In addition, the IDF in this zone copes with different types of riots: from riots by Palestinians and pro-Palestinian activists in the Jordan Valley to extremist settlers who lead “price-tag” events. While Palestinian demonstrations are actually on a downward trend, the second Jewish price-tag types are gaining ground and have earned the appellation of “blue fist.” A special task force was established to deal with the dangerous phenomenon. Lt. Col. Baron admits that the IDF intends to gear up against this challenge. “We cannot stand by idly and we will act resolutely when events such as these take place, whether they are directed against IDF soldiers, Palestinians or property.” Baron feels that in light of anticipated evictions such as Migron, "price-tag" events may increase in number in the near future.
The spotlight was aimed on this zone during the famous demonstration of the pro-Palestinian activists in the Jordan Valley, during which Lt. Col. Shalom Eisner hit a Danish activist with his personal weapon. According to operations officer of the Central Command, the event did not expose an overall problem with the units in dealing with these types of events, but instead local tactical, command and professional failures.
“The officers know how to act during events like these; there was nothing new about this incident that requires us to find new tools. Instead, we have to sharpen the tools that we already have at our disposal,” says Lt. Col. Baron, who guesses that the length of the eastern Israeli border that is currently dormant is likely to become more problematic in the future — and not only with regard to illegal smuggling activities, which are on the rise. “This is a wide, complex area; we will hear more about it in the future,” he says.
The hot Southern Command
Lt. Col. Baron alludes to changes that are taking place in another zone: the Israel-Egypt border. The fence going up on that border of 230 kilometers (including the Eilat envelope), may deflect terror agents from Nuweiba to Aqaba (from the sea shore of the Sinai to towns located in the south of Jordan — meaning that infiltrators who may not be able to cross the southern border after a barrier is erected may attempt to enter the country through Israel’s eastern border).
Meanwhile, Lt. Col. Bitton, operations officer of the Southern Command, says that we are likely to see the sensitive border with Egypt resemble the protective fence in the Gaza Strip. “Similarities may be in the form of planting explosive devices [near the border], shooting from the other side or even infiltration attempts to harm IDF soldiers. Therefore, our mission is to adapt ourselves to these kinds of realities.”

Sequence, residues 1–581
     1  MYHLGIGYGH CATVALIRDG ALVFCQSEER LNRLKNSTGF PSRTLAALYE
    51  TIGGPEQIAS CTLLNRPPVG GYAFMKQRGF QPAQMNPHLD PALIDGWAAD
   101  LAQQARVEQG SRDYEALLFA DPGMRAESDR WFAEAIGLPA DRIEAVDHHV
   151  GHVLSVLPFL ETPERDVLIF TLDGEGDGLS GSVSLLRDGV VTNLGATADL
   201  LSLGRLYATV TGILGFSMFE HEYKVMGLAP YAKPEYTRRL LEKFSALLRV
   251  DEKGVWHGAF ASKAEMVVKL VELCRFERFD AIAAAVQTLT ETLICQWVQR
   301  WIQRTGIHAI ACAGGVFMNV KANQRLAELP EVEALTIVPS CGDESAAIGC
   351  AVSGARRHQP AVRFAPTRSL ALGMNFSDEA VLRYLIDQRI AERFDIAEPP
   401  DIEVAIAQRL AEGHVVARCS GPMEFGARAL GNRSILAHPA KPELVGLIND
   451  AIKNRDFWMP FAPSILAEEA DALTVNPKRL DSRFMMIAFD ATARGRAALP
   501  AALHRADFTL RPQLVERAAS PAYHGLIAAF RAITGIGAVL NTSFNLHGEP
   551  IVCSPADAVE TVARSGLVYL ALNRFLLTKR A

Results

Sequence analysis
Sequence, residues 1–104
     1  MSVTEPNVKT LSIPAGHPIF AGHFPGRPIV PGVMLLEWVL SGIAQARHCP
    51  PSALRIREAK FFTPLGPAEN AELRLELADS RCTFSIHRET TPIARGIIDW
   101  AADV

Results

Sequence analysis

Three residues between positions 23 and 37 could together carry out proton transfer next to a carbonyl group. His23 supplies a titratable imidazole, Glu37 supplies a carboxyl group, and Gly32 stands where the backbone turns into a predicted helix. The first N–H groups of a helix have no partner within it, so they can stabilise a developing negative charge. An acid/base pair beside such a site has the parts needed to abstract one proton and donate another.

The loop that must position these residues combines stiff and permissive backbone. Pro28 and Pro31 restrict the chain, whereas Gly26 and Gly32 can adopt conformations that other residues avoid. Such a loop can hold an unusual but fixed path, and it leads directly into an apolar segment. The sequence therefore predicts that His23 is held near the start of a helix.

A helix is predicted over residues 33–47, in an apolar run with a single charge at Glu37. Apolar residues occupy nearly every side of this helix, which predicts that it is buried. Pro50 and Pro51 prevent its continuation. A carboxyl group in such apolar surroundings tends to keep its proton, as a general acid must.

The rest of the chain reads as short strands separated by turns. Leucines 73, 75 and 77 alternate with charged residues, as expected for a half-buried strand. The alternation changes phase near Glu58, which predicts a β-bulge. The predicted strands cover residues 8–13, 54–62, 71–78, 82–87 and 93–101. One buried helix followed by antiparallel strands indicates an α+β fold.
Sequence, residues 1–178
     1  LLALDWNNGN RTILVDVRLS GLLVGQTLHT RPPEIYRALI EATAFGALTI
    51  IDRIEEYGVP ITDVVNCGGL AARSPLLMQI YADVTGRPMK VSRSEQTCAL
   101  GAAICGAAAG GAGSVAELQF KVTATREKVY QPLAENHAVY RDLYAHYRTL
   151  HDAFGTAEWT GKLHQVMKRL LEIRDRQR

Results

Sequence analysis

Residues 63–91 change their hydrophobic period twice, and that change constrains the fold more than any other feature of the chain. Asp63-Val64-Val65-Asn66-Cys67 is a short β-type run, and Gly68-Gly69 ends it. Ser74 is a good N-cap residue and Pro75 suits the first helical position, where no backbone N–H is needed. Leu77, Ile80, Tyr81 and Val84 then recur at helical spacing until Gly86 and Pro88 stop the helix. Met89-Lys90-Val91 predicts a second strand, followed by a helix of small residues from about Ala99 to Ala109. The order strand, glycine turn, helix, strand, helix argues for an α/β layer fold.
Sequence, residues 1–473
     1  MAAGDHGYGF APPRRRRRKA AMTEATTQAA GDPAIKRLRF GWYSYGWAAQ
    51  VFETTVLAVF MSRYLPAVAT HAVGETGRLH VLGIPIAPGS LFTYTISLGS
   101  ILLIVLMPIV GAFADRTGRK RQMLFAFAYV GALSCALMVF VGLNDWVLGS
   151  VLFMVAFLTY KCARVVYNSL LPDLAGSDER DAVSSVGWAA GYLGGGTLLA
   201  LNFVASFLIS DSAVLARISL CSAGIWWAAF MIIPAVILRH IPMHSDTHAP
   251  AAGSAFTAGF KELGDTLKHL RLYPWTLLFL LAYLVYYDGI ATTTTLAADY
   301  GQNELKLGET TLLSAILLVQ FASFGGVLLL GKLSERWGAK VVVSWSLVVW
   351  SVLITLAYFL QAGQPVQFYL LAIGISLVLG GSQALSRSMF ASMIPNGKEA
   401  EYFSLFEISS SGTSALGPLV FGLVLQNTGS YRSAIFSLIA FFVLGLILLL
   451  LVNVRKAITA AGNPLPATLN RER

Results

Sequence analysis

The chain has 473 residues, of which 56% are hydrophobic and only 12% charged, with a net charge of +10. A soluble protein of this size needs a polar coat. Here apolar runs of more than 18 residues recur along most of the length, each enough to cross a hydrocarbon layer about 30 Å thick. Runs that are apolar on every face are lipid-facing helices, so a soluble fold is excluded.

According to Lt. Col. Bitton, the change in the western border with Egypt did not begin on August 18, the day of the deadly terrorist attack near Netafim, but at least two years earlier. The major cause of the change during those two years was the fall of the Egyptian regime. “Today, every self-respecting terrorist organization wants to open up a branch in Sinai … and our assessment is that in the future, that border will resemble the Gaza Strip border. “ Yet Bitton emphasizes the great sensitivity of this zone, mainly with regard to the peace agreement with Egypt. “We conduct a dialogue with them and it seems that they are making some efforts to take action [against terror], even if not as effectively as we would like.” Road 12 (on which the terrorist attack near Netafim took place) has been opened only recently for traffic after security safeguards were added. “Although people still don’t travel there as much as they used to, I feel that as the sense of security will rise, we will again see vehicles traveling from Mizpe Ramon to Eilat via Road 12.”
It is significant that the Southern Command operations officer focuses on Sinai and not on the Gaza Strip, as the latter is viewed as an older threat. The scope of terror agents in the zone, the shooting incidents that accompany the smuggler cells, the frequency of warning alarms and the shooting of rockets on Eilat — all these have changed the southern zone. “We thwarted several terrorist attempts — attempts that could have played out in the country’s home front,” Bitton reveals.
Bitton explains that the Islamic Jihad continues to gather strength in the Gaza Strip, and that this terrorist organization fired most of the rockets in the last round. “They have overtaken Hamas in their extremist ideolog — ideology from Iran — and in some of their weapons, also coming from Iran. Some feel that they are stronger than Hamas, in quality as well as quantity. In an overall view of the Gaza Strip, we can cautiously say that we can deal with what happens above ground. But we can’t say that about what may take us by surprise, from underground. The underground activity that we saw during Cast Lead Operation is only a taste of what awaits us in the next confrontation.” And this confrontation is only a matter of time. “Clearly, we cannot allow this situation to continue — to exist from one round [of rockets] to the next. At a certain stage, it will end. That’s what we are gearing up for.”